Anxiety isn’t mysterious: it has been a natural response to all the uncertainty in the world since our conception as a species. The only problem is that it is easily misunderstood, and commonly stigmatized. Telling the average individual ‘I suffer from anxiety’ pretty much translates to ‘my self-management skills is inferior’ or ‘I have extreme shyness’.
We start with differentiating fear from anxiety.
Fear deals with the present. It is an unpleasant sensation as a result of your brain telling your body to ‘hold it’: an emotional response to a real or imminent threat that is present. Your senses identify a clear source of danger and instantly cues your sympathetic nervous system to enter ‘fight or flight’ mode.
Anxiety is a similar response, but the main source is cognition (blended with emotion) about the future. In short, when we perceive a future threat (real or perceived), we become anxious. This response is unique to organisms who are capable of using memories to model the future and respond appropriately. For instance, if one has not prepared adequately for a test due tomorrow, the uncomfortable feeling mixed with anticipation of the test and the negative consequences if one does not do well is anxiety.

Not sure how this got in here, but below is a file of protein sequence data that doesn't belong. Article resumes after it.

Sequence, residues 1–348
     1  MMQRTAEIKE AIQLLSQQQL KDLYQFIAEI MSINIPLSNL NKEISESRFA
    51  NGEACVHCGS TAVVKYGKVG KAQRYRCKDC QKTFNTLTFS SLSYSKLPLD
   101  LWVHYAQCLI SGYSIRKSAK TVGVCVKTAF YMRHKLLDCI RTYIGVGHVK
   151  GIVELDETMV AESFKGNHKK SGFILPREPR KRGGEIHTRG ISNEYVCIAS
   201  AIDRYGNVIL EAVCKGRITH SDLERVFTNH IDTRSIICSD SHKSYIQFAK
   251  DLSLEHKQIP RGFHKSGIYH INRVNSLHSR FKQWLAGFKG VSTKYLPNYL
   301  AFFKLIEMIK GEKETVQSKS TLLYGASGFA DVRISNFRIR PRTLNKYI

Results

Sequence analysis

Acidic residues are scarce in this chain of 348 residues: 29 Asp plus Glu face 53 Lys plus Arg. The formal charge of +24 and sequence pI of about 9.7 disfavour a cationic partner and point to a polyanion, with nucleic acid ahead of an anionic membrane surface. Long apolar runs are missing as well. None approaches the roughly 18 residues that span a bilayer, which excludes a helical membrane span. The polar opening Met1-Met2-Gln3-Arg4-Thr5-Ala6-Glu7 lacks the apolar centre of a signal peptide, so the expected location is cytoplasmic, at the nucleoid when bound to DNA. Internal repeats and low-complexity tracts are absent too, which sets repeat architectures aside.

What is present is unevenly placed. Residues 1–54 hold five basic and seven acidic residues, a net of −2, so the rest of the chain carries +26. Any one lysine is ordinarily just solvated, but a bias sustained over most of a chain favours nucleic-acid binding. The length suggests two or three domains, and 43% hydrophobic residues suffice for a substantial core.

From here we can draw some inferences about the relations between fear and anxiety. it is likely that anxiety is the result of memorizing fear responses: the fearful response (natural or learned) develops into an anxiety, which prompts the individual to anticipate and deal with the potential threat. Due to the myriad of emotion processing theories, there is no conclusion on whether the anticipated threat comes first or if the anxiety comes first.
Now that a rough understanding of anxiety is established, when is anxiety significant enough to warrant a clinical diagnosis? or rather when is it abnormal?
Basically, when one’s anxiety or fear develops to the extent where it interferes with normal functioning, one can be diagnosed as having anxiety disorder. There is a variety of anxiety disorders that are documented on the DSM as diagnosable disorders, but they all involve anxiety that is uncontrollable, which in turn lowers the victim’s sense of self-control and disrupting regular activities in life. Most common examples include generalized anxiety disorder, social anxiety disorder, specific phobias, and panic disorder. We wrap this up with a rough guide to differentiate them.
Generalized Anxiety Disorder: excessive worry and anxiety due to constantly living in a future oriented mood state.
Social Anxiety Disorder: excessive fear of being judged negatively in social situations.
Specific Phobias: crippling fear towards a specific stimuli (object or situation), ranging from animals to physical environments.
Panic Disorder: involves frequent panic attacks-surge of intense fear as a result of uncued activation of the fight or flight response.
Some descriptions of how anxiety disorders feel like can be found in the below links.